Sam & Max - LucasArts

LucasArts is Dead… Should Anyone Really Care?

So… LucasArts is dead. Culled by Disney in an effort to “minimiz[e] the company’s risk while achieving a broader portfolio of quality Star Wars games.”

In the past day we’ve had eulogies from Ron Gilbert, Tim Shaefer and all manner of Tweets lamenting the loss of a developer that, for gamers of a certain age, is synonymous with quality video game tie-ins and the funniest, most inventive adventure games the industry has ever seen.

Sam & Max - LucasArts

However, emphasis should be placed on gamers of a certain age. For if you asked a younger gamer, one whose perspective is not blurred by irrational nostalgia, they’d probably struggle to find a reason to care. A teenager exposed to little beyond the current generation of consoles might question why anyone would care about the closure of a company that recently either developed or produced such games as the lacklustre Kinect Star Wars, the doomed Old Republic, pointless sequel The Force Unleashed II, and the forgotten Indiana Jones and the Staff of Kings

The last entirely original game actually developed by LucasArts was 2009’s 2D side-scrolling puzzler Lucidity, a modest downloadable title that received a mixed reception on release, but had a unique art style and engaging atmosphere. That same year also saw the release of Tales of Monkey Island, a wonderful episodic revival of the beloved LucasArts point ‘n click series, ironically developed by Telltale Games; a developer that notably includes former LucasArts talent. And, more notably, a developer that has gone from strength to strength with sequels to abandoned LucasArts’ franchises Sam & Max and Monkey Island, and seminal adaptation The Walking Dead.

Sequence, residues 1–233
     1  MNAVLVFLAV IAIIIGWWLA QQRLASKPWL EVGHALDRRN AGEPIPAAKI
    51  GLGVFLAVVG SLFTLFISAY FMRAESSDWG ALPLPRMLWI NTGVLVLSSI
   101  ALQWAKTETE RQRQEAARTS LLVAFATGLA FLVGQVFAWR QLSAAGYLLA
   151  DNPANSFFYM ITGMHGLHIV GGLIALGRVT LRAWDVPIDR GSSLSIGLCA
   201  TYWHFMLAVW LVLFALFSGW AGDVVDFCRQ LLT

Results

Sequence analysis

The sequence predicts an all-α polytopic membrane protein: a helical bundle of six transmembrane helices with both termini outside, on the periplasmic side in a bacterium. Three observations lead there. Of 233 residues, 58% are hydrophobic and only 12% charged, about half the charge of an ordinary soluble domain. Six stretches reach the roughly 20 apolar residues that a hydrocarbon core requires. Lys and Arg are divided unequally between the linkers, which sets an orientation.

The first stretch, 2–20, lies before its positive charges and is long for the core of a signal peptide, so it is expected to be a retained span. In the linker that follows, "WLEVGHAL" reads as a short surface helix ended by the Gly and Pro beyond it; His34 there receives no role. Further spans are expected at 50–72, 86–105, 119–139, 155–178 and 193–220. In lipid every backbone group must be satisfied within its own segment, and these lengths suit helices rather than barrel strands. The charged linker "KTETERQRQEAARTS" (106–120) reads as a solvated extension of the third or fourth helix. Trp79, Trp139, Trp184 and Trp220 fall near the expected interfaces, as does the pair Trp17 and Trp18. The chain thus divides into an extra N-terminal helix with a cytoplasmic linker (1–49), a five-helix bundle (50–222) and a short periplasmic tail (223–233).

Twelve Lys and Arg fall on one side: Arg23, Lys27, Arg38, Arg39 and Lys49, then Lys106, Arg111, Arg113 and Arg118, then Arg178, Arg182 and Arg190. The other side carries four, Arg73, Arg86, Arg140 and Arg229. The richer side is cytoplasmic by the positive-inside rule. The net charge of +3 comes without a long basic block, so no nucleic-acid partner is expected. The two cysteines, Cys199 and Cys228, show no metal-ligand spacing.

The Dig - LucasArts

The last non-Lego Star Wars title (though it has to be said that Traveller’s Tales did a fine job with those) to have built up any level of hype was 2008’s The Force Unleashed, which, despite some iffy controls and an over-reliance on QTEs, was an inspired take on Lucas’s galaxy far, far away, and grabbed piqued imagination in a way that no Star Wars title has managed to do since. And the general consensus from fans was that it sucked. Yes, the next-gen Star Wars title 1313 looked impressive, and may well have delivered on the potential shown in its revealed footage, but would the franchise’s disillusioned followers give it any warmer a reception than they did The Force Unleashed?

But perhaps to criticise the developer for recent failings is to miss the forest for the trees. The end of LucasArts is a loss to the gaming world, not because many talented people have lost their jobs – and I sincerely hope they all find homes elsewhere – but because of what the studio could have been given the right direction.

Grim Fandango - LucasArts

Mourn for what could have been, then, I say. Revisit those classics, and appreciate the fact that the studio was never going to bring us another Grim Fandango, no matter how talented the writers, artists and programmers working within it might have been. Point ‘n’ click gaming is currently enjoying a renaissance. Dave Grossman’s involvement at Telltale Games, Tim Shaefer’s Double Fine studio and Ron Gilbert’s recent effort The Cave are all doing a fine job in keeping the LucasArts spirit alive, even if the original host has been long dead.

Oh, and for those who don’t quite “get” what the fuss is about, this intro to beloved 1993 gem Day of the Tentacle should help clarify things. 20 years later, and few adventure games have come close to matching its wit, charm or inventiveness.



Leave a Reply

Your email address will not be published. Required fields are marked *